MicroSD Memory Cards: The MicroSD Card standard

The most popular memory cards today for mobile phones and other small devices is the MicroSD Card. The MicroSD card is effectively just a SD card in a reduced package, it is not actually the size of the card that has made it so popular with manufacturers but rather the reduced size of the socket in the device.

 

MicroSD Memory Cards: The MicroSD Size
Such a small card is not the best choice for devices which are lightly to be changed regularly due to it's potential ease of loss, devices which need cards changed regularly will use a full size SD socket. microSD cards have support for the SDIO mode (input/output) which is normally required for Bluetooth and GPS, if a device does not require the SDO mode a TransFlash card will be usable in the device as well as a microSD. As there are times when the MicroSD card will need to temporarily connect to a device with a full size SD socket the microSD cards are often bundled with an appropriate adapter when sold.

MicroSD Memory Cards: The MicroSDHC standard:
The microSDHC (Secure Digital high Capacity) used the FAT32 file system which had been in use on most PC computers, this resulted in the ability to support up to a maximum of 32gb capacity. 2009 saw the introduction of the UHS-I (Ultra High Speed) memory bus which facilitates higher transfer speeds on devises which support it. Devices built for microSDHC cards will work with older lower capacity microSDSC cards as well!

MicroSD Memory Cards: The MicroSDXC standard
Advances in the performance and capabilities of devices using memory cards resulted in the introduction of microSDXC (Secure Digital Extended Capacity) cards . microSDXC cards can support up to 2 TB (2048 GB) of data, to achieve this they utilise Microsoft's exFAT file allocation system and therefore microSDXC memory cards are totally incompatible with older microSDSC and microSDXC card system devices! These cards can also have the UHS-I (Ultra High Speed) memory bus which facilitates higher transfer speeds on UHS-1 compatible Devises. 2011 heralded the introduction of the UHS-2 (Ultra High Speed) memory bus system, this increases memory transfer speed capability even further but requires an extra row of electrical contacts, it will only work at higher speeds with devises built with a memory socket with these contacts, because of this a firmware update can never reach these increased speeds if the extra contacts required were not fitted when the device was manufactured.

MicroSD Memory Cards: Memory transfer speeds
An important part of a memory cards performance is how fast it can read and write, read speeds are always faster than write speeds, if only one speed is given it can be assumed it is the read speed which looks most impressive. Originally speeds were given relative to the speed of a standard CD disks 150 kByte/s read speed, e.g. x10 (10 times faster than a standard CD) but nowadays is given as the number of megabytes that can be transferred in a second e.g. 30MB/s.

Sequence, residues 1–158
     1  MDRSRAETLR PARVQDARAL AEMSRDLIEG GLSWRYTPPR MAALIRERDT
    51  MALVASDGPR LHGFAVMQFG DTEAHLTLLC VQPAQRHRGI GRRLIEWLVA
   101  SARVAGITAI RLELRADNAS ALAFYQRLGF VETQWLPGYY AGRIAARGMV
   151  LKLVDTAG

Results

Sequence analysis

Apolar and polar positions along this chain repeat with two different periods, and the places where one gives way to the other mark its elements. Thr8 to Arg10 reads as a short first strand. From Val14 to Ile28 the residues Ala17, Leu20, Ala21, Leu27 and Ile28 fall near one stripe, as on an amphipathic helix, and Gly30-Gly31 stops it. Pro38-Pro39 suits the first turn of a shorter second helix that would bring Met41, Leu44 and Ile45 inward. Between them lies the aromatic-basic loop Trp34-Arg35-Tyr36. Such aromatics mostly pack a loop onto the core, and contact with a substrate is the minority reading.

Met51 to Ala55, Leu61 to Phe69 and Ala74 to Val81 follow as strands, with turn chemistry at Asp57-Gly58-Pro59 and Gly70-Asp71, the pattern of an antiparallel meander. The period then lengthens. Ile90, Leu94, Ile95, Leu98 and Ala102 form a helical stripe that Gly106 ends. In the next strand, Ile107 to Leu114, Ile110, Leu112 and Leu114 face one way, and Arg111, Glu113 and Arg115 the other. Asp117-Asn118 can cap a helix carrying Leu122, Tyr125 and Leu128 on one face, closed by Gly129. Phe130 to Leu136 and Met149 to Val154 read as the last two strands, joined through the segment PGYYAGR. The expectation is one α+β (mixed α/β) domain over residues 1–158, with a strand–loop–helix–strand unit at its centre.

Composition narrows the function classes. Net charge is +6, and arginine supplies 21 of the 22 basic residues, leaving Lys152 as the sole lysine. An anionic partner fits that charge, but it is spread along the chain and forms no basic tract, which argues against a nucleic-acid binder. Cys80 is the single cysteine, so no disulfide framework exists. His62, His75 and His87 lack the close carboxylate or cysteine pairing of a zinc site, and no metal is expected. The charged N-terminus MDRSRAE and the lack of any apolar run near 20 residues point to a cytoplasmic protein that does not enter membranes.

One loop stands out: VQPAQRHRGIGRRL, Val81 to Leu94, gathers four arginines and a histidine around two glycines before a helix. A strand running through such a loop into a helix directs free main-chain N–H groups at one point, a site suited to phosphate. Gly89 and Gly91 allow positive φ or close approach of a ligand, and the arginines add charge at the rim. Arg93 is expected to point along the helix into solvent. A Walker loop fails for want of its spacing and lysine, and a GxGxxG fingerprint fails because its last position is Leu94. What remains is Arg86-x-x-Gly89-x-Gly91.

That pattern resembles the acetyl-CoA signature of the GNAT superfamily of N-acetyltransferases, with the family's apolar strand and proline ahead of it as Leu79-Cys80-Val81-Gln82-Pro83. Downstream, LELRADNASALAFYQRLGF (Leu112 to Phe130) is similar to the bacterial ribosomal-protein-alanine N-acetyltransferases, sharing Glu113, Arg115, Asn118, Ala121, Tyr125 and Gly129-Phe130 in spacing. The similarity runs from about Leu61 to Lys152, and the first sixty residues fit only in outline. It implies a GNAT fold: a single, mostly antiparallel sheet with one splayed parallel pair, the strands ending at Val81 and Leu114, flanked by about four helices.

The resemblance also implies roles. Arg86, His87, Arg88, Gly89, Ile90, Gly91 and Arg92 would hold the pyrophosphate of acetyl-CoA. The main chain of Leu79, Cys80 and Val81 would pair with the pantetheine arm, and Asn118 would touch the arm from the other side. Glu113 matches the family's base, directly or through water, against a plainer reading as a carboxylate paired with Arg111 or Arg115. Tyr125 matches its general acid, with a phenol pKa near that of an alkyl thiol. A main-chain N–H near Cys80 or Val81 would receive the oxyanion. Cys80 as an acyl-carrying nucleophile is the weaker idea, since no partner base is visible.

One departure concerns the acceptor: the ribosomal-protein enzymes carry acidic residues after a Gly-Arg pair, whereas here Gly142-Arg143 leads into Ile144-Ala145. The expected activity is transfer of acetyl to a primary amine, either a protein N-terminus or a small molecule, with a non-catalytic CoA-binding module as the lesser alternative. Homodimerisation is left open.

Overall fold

MicroSD Memory Cards: How to find memory transfer speeds
Speeds of various cards are normally given on the memory card itself, the original packaging, or it's data sheet. Read speeds are normally not use critical as it just relates to how long it will take to transfer a given amount of data from one device to another. Write speeds however if to low can render the device using the card to be unusable until the correct card is sourced, the most obvious device this applies to is video cameras, if the card can not write as fast or faster than the video stream needed to be recorded all is lost!

MicroSD Memory Cards: Memory speed Class
As video camera users require different minimum data write speed depending on the frame rate and resolution the camera is recording at it was decided to create a class system to make the correct choice of memory card a little easier. The system uses a letter "C" with a number in it which gives a write speed in MB/s that the memory card is guaranteed to meet or exceed, on cards supporting "Ultra High Speed" memory cards the "C" is replaced with a "U" and the number is how many 10x1MB data packets can be written in one second, this means that a class C3 card can be written up to to 3MB/s guaranteed, a U3 Class card can be written to at up to 30MB/s guaranteed.

 

Class of Card

Minimum Guaranteed Write Speed

 

Video Recording Capability Guide

 
2 MB/s
  Adequate for standard non HD video recording.  
4 MB/s
  Adequate for 720p HD video recording.  
6 MB/s
  Adequate for 1080p/1080i HD video recording.  
10 MB/s
  Adequate for  1080p/1080i HD video recording and HD stills.  
10 MB/s
  Adequate for Real-time broadcasts + large HD video files + 3D video capture.  
20 MB/s
  Adequate for Ultra HD 4K resolution digital television and digital cinematography.  
30 MB/s
  Adequate for Ultra HD 4K resolution digital television and digital cinematography with improved inter-device transfer speeds.  

 
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